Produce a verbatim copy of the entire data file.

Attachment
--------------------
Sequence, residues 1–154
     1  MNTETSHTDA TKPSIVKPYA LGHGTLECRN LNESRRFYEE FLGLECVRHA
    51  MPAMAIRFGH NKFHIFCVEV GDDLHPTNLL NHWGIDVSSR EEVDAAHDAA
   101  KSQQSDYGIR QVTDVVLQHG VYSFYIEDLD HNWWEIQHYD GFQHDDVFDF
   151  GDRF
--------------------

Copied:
Sequence, residues 1–154
     1  MNTETSHTDA TKPSIVKPYA LGHGTLECRN LNESRRFYEE FLGLECVRHA
    51  MPAMAIRFGH NKFHIFCVEV GDDLHPTNLL NHWGIDVSSR EEVDAAHDAA
   101  KSQQSDYGIR QVTDVVLQHG VYSFYIEDLD HNWWEIQHYD GFQHDDVFDF
   151  GDRF